Another San Francisco landmark saved by an act of clemency: The old Eagle Café with the Balclutha behind it, a waterfront café and watering hole since 1928, was slated for demolition in order to build the Pier 39 Parking Garage. Instead it was moved across the street to the upper level of Pier 39, and remains in business today.
Executive Order Number 9066, signed by Franklin D. Roosevelt in February of 1942, forced Japanese citizens on the West Coast to leave their homes and businesses for internment after Pearl Harbor in fear that some may create acts of sabotage in support of Japan’s military machine. The Japanese owners of this business on Grant Avenue in Chinatown are selling off as much of their inventory as possible before being relocated. Ironically, their shop was the one with the green BLOWOUT SALE sign in the window behind the California flag.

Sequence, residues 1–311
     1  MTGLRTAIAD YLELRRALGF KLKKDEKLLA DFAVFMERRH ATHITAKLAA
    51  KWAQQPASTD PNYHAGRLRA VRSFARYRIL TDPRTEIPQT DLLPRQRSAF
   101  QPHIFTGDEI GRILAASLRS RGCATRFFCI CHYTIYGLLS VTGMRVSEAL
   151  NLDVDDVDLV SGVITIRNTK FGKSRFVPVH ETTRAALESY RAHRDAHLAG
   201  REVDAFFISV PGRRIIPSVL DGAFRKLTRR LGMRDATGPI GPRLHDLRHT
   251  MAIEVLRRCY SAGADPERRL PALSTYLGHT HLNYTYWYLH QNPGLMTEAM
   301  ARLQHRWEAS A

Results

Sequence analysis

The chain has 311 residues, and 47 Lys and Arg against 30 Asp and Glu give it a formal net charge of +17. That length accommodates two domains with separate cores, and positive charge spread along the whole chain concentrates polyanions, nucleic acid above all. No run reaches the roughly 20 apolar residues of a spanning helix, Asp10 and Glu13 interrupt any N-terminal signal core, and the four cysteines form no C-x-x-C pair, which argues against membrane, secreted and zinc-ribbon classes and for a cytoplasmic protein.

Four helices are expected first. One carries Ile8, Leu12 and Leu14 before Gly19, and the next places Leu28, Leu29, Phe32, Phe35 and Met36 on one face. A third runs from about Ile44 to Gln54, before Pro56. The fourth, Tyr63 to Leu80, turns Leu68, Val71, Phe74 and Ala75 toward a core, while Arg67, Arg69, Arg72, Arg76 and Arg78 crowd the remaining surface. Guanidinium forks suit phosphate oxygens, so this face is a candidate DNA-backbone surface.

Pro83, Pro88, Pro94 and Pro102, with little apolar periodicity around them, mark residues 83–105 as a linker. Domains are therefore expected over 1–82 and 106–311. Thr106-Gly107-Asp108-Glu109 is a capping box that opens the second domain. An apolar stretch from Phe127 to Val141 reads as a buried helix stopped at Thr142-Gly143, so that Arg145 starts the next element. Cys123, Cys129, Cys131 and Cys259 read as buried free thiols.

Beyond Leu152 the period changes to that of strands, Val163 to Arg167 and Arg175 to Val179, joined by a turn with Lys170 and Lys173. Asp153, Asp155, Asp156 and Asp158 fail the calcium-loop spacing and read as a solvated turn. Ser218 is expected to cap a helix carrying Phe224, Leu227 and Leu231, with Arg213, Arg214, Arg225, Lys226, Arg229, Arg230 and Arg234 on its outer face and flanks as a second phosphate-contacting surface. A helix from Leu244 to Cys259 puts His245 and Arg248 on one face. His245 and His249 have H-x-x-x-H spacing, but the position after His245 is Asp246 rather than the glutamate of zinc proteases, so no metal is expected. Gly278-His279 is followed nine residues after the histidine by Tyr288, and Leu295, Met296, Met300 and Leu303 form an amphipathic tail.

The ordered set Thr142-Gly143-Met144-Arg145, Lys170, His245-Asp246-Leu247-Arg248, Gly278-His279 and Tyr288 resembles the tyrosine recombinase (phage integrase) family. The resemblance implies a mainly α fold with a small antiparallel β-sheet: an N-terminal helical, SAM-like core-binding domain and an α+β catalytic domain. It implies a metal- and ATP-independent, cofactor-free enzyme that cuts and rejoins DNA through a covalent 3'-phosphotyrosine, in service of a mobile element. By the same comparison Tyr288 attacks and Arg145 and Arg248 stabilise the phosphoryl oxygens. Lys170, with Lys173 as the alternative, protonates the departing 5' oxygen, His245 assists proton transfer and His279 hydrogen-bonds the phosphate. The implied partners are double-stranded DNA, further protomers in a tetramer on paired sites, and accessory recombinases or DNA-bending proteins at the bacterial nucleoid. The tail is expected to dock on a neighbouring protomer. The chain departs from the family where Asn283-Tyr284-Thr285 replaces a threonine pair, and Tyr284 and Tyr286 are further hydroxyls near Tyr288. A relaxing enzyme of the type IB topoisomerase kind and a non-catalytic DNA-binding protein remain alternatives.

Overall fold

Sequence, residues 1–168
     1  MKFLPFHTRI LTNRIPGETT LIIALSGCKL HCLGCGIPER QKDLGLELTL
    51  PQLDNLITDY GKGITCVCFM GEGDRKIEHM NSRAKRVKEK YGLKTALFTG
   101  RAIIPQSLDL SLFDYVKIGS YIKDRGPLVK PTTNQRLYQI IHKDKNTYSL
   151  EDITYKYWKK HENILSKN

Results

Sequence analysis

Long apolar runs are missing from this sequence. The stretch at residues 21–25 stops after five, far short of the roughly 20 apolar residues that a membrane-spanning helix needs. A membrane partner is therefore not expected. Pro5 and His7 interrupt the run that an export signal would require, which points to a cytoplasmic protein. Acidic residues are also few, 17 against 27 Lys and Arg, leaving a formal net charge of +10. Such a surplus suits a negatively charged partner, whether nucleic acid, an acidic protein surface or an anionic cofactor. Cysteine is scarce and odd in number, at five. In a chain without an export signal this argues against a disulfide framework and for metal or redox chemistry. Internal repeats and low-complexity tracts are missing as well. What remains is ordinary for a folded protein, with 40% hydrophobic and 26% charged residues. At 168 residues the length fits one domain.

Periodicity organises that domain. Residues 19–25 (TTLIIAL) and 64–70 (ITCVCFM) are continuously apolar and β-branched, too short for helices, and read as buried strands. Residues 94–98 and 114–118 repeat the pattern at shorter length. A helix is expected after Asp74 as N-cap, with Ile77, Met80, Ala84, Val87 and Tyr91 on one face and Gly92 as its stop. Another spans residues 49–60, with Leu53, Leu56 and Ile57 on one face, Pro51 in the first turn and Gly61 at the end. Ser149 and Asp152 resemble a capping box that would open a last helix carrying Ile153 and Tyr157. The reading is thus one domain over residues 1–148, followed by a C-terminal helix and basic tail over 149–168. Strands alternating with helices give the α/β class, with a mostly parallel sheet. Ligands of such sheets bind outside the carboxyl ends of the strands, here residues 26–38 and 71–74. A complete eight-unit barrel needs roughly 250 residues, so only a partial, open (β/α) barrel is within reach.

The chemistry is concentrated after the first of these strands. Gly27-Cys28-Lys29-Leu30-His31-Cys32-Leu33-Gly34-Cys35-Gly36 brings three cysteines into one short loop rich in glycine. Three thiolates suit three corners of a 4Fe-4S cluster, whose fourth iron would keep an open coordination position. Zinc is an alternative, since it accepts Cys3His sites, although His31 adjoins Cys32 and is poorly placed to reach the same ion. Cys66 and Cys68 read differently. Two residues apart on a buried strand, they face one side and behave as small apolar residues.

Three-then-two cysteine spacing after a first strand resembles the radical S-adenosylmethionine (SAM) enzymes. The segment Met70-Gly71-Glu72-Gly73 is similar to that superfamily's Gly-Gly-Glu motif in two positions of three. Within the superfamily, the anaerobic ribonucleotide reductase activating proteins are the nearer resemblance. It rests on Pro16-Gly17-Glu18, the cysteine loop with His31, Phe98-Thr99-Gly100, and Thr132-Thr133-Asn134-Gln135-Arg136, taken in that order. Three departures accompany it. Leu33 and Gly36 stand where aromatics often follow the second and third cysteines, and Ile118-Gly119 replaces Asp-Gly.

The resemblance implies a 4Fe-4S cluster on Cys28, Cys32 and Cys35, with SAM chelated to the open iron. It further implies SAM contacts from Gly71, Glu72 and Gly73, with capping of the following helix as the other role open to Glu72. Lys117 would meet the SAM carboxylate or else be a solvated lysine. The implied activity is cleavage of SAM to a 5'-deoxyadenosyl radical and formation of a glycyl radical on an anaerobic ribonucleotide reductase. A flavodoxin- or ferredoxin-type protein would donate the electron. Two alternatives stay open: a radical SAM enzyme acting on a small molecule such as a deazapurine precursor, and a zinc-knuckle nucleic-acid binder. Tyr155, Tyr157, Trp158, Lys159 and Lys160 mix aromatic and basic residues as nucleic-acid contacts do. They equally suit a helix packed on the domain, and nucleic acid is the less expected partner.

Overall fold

Looking west from the Hayward hills above East Bay Cal State. The tall building on the right, the Warren Hall, was imploded in August of 2013. Hayward’s movie claim to fame was in the 1973 film ‘Steelyard Blues’, (See the September 26, 2016 post called ‘Some of my favorite pictures’) but there are some interesting historical photos of the city. Downtown Foothill Blvd in the late 1950’s or early 1960’s: This the main shopping strip before the Southland Mall was built. The old Hayward City Hall, opened in 1930, was deemed unsafe because it sits on top of the Hayward Fault, and closed in the late 1970’s. Tykes on bikes at the intersection of B Street and Main. Bobbysoxers line up to see heart throb Tony Martin in ‘Casbah’ at the old Hayward Theater in 1948. The theater was demolished and is now a parking lot. Another interesting city southeast of San Francisco is San Leandro. The popular Cherry Festival has been an annual event in San Leandro for almost one hundred and seven years. A parade on Washington Ave. seen from the San Leandro Plaza in honor of San Leandro Day coming to the Treasure Island Fair August 4th 1939: All of the buildings behind the parade have been demolished, and the spot is now a parking lot and strip mall. (SLHPDC) A mid 1950’s photo from the San Leandro Historical Photograph and Document Collection: Some people who are very dear to me went to school at Washington Grammar School. Off to Pleasanton: Abbott and Costello shot scenes for their 1943 film ‘It Ain’t Hay’ at the Alameda County Fair Racetrack in Pleasanton. Lou Costello, on a runaway horse, races under the Downtown Pleasanton sign. Since the location of the film is supposed to be New York, the sign was temporarily changed to Saratoga for the famous racetrack there. At the film’s end, Lou’s horse jumps the racetrack while he’s riding underneath it, and wins the main race. Hey, it can happen! Lou rights himself in time to cross the finish line. The Winner’s Circle in the movie and in July of 2015: